FYI, there are "rolling" chicken coops on the market these days. They aren't for large chicken operations but they are slick for a few chickens as you don't have to worry about rounding the chickens up every night for lockdown. They "free range" inside the coop because you can move the coop (which is on wheels) anywhere you want



*****

My last question is on an agriculture exemption for taxes. Taxes for this property are currently high. Is this a federal program or does each state, or even town, have its own rules? Years ago I was told that doing something as simple as renting out a portion of your land for grazing could qualify you for that exemption. Most of my daily work is done from home and it's not always 40 hours, so I'm in a unique position where I can be around more than most.

we are on an Ag-based tax structure. Where I live in Middle Tennessee, my Ag county requires we own 22 acres and sell something off this land. We have 24.75 acres and sell hay.

In our county, that Ag tax reduction must be caught up when the property is sold. For example, if we save $100 annually by having Ag exempt faxes and we sell the property ten years down the road, we then owe the country treasurer $100 X 10 years. I would imagine that Ag tax structure varies so do your due diligence on that. I do doubt however, ten acres would qualify.


I'd appreciate any comments! I do understand I would not get rich off this, nor even make a lot, but saving on the taxes would certainly be worth it.

Pic is of hay in loft. Any hay doors are one level above this pile. The open window in the background is on the cellar side - so three tall floors down.

Thank you! Owning a property like this is a life-long dream of mine. Even if this one doesn't pan out, I'm at a point in my life where I'm able to seriously look for one, and I figure I should have some of these answers worked out
To repeat myself, looking at the barn pic and from what you describe, this sounds to be the remnants of a very old farm or plantation. There's a lot of history there. You may find a lot of your answers by going to the county historical society and local library.

Hopefully your county's Co-Op and Ag person are worth their salt, as they can be very instrumental in pointIng you in the right direction

Also, one of things you do NOT want to is overgraze the property with any type of livestock. Whatever livestock you would decide upon, your county Ag person would be the one to say how many head of livestock per acre the land could safely support without destroying all the grazing and turning it into a mud pit


I hope you update if you do buy this property, best wishes and good luck

Last edited by Normashirley; 05-06-2019 at 06:42 AM..
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Old 05-06-2019, 12:54 PM
 
2,694 posts, read 1,429,131 times
Reputation: 11398
I'd use the hay and manure for the garden.


As for the overgrown areas, you will have trouble keeping all 10 acres cleared, but if that's what you really, really want to do, get a scythe. (Otherwise, consider letting birds and animals use the overgrown areas for natural shelter. Nature could always use a hand these days.)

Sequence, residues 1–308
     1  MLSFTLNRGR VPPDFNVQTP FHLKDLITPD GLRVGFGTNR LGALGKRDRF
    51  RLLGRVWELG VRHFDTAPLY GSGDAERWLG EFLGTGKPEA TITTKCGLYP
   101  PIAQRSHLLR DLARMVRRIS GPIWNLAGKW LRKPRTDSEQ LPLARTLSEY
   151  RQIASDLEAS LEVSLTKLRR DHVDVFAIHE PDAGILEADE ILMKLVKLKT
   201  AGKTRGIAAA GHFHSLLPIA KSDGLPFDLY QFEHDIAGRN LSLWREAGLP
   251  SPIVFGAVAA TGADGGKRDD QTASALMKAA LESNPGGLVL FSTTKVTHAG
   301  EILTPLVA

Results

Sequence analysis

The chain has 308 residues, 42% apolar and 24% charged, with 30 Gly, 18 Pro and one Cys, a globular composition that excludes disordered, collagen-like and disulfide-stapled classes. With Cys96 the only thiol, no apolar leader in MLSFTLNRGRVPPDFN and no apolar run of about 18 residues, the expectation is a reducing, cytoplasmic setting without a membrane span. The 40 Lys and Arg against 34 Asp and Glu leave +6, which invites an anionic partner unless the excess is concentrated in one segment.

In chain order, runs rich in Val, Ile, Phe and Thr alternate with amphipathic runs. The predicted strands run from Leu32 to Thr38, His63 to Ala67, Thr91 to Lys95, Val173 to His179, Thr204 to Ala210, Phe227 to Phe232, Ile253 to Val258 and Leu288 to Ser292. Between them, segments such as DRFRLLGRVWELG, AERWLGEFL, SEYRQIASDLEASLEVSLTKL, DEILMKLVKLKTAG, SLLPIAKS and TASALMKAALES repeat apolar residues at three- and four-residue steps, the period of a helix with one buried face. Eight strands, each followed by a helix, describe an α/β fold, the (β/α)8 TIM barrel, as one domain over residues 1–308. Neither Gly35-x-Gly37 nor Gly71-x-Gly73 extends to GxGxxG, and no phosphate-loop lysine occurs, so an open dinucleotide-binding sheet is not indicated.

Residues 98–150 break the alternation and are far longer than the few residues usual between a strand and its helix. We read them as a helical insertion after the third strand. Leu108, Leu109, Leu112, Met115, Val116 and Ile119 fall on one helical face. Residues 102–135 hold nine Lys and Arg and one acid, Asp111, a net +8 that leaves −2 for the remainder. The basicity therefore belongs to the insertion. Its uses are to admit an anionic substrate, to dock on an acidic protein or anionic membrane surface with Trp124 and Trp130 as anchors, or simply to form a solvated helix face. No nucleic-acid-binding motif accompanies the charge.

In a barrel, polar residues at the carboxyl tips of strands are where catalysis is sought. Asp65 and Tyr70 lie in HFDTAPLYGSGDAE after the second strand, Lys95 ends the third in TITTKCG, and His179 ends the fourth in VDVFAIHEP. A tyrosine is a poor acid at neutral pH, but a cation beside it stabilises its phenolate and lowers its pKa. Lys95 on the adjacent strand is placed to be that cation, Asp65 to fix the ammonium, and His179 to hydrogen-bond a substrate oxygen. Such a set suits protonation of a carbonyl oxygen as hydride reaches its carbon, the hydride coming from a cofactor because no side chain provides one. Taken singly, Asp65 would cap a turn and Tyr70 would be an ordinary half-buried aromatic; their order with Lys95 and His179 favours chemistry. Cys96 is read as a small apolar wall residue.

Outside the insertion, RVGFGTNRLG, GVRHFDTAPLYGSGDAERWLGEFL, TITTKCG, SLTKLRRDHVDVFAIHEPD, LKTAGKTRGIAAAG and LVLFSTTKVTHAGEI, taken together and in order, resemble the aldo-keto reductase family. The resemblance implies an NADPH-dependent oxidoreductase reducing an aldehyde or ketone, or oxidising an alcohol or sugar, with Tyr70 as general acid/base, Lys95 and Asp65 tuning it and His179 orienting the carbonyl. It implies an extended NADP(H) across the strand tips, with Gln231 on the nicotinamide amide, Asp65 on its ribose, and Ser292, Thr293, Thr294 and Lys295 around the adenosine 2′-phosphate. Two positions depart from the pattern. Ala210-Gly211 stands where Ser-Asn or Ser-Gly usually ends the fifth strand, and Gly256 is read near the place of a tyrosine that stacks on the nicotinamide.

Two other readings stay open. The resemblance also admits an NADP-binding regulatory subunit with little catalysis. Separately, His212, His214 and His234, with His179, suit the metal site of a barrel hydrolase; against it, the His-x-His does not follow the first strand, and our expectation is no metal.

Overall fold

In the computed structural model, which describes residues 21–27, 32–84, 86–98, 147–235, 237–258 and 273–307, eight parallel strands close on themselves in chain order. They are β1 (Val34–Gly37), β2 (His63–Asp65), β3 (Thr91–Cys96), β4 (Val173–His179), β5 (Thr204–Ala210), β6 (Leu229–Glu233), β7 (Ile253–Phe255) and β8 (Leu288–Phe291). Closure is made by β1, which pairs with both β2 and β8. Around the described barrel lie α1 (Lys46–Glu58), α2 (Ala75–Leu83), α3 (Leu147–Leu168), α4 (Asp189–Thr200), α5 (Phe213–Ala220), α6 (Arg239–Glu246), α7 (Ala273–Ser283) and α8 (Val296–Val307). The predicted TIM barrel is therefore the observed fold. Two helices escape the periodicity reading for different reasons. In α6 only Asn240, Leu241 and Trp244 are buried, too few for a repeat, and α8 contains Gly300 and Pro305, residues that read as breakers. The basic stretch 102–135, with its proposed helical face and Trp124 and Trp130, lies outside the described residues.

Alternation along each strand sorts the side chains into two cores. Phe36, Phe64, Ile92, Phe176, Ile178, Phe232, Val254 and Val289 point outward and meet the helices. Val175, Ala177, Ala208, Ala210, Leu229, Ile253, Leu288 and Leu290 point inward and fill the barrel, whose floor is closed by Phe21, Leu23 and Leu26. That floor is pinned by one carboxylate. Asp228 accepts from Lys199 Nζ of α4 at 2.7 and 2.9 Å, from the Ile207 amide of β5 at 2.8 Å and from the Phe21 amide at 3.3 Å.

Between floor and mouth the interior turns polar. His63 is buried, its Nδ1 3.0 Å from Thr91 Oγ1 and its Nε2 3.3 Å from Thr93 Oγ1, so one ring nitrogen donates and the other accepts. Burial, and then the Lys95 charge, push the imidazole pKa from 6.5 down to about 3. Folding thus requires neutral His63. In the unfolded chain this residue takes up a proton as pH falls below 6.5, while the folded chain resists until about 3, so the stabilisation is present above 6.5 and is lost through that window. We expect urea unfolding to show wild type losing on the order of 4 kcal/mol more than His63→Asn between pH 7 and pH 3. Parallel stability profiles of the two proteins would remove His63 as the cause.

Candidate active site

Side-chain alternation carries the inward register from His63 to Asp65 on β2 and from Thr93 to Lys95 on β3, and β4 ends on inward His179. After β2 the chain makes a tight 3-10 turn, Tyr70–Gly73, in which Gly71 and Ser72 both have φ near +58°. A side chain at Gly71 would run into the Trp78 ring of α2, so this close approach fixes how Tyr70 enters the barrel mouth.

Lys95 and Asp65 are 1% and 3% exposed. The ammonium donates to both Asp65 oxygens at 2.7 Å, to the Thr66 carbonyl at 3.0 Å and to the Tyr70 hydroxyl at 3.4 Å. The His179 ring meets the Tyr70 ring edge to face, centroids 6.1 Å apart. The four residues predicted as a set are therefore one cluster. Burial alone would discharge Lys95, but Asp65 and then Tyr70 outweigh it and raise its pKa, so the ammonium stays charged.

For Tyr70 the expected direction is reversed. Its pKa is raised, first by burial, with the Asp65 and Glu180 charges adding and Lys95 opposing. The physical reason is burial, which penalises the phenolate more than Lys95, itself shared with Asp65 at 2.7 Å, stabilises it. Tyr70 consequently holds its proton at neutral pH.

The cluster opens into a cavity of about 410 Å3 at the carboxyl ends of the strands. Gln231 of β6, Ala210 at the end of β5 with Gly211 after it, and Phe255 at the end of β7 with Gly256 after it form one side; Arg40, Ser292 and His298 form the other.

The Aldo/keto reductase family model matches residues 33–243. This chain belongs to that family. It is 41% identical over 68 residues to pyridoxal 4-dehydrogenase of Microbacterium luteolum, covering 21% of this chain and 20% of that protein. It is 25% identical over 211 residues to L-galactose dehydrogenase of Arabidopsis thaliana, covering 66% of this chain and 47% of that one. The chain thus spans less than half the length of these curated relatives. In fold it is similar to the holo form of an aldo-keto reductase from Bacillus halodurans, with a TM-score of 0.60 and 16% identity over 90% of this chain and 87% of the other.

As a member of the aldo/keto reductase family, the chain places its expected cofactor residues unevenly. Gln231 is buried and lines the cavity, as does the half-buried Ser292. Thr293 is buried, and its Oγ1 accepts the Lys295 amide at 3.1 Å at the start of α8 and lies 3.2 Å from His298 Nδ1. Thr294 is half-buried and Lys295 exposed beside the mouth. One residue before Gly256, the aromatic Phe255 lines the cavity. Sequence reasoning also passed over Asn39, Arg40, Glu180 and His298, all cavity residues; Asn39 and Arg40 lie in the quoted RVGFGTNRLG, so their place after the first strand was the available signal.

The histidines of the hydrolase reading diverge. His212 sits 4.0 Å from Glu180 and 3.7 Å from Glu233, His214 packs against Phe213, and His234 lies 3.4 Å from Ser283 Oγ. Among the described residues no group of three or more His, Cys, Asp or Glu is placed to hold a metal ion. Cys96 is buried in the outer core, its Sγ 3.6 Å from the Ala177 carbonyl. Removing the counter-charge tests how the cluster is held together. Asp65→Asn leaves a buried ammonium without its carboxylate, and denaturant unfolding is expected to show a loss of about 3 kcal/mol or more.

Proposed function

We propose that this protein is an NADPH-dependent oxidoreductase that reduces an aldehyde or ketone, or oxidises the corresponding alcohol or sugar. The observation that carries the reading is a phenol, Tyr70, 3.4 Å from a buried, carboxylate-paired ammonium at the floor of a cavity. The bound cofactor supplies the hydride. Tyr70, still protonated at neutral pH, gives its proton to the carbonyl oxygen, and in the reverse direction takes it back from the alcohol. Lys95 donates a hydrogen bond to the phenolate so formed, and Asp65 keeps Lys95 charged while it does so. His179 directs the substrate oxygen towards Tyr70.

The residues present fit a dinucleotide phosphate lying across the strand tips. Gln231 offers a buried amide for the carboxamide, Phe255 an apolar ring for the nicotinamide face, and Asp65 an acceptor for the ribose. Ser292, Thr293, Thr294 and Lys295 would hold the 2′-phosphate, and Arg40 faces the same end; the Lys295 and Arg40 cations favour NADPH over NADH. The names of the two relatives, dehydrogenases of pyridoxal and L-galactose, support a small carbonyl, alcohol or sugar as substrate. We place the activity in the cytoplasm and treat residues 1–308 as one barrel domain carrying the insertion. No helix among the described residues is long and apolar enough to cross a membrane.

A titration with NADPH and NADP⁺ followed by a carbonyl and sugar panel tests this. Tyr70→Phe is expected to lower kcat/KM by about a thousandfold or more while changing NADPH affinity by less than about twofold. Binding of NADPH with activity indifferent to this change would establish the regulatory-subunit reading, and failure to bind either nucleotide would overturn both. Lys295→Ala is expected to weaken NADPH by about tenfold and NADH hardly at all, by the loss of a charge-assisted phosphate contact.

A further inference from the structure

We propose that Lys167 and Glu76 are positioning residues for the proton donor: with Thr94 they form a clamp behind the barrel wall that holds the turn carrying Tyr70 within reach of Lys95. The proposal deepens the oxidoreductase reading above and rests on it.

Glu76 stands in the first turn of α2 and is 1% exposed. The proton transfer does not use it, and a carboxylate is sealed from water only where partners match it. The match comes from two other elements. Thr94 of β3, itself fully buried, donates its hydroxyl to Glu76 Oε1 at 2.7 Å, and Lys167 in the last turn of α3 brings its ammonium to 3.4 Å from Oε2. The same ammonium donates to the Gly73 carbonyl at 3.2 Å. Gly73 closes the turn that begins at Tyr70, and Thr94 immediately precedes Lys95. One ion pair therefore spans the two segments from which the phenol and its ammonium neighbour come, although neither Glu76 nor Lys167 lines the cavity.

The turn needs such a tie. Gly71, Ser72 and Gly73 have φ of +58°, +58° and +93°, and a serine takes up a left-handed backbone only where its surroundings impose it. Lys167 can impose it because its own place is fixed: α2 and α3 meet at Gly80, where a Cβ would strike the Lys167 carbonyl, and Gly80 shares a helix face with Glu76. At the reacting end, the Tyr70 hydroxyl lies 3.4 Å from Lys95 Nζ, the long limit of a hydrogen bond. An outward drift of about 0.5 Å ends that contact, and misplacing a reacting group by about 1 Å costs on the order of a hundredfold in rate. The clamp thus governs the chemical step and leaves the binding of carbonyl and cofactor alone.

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Old 05-06-2019, 01:08 PM
 
Location: Rochester, WA
6,761 posts, read 3,887,085 times
Reputation: 18496
Quote:
Originally Posted by yesitis456 View Post
THANK YOU!!!!
Can you define "well away" in feet? The clearing to the stone was is just over 30'. Over the stone wall appears to be another clearing, and I can get to about 90' away from the barn, near a tree line. The map does not show that to be wetlands but it did feel wet behind the barn (we've had a record amount of rain for over a year now - April especially).
30 feet is fine. You don't want it to be a major hike to empty the manure cart when cleaning stalls... but you also don't want the manure pile too near the barn, because it's HOT when it's composting. And can be a fire risk. You want it in a place that's easy to get to with a tractor/front end loader, to move it and spread it with.
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Old 05-10-2019, 07:31 AM
 
148 posts, read 78,631 times
Reputation: 215
Quote:
Originally Posted by oldgardener View Post
I'd use the hay and manure for the garden.


As for the overgrown areas, you will have trouble keeping all 10 acres cleared, but if that's what you really, really want to do, get a scythe. (Otherwise, consider letting birds and animals use the overgrown areas for natural shelter. Nature could always use a hand these days.)

I didn't want to completely clear all 10 acres. There's quite a few wooded areas I have every intention of keeping - especially along the property lines, and keeping some of the brush would be great for the birds etc. I spotted a birdhouse as we crossed the rock wall into the second pasture and thought I should add to it But right now all the stone walls that define the property and pastures are overgrown. There is a path to each pasture in the back - but you can only get down one due to the brush. The pastures themselves aren't too bad.
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Old 05-10-2019, 07:57 AM
 
148 posts, read 78,631 times
Reputation: 215
Quote:
Originally Posted by Normashirley View Post
-----



To repeat myself, looking at the barn pic and from what you describe, this sounds to be the remnants of a very old farm or plantation. There's a lot of history there. You may find a lot of your answers by going to the county historical society and local library.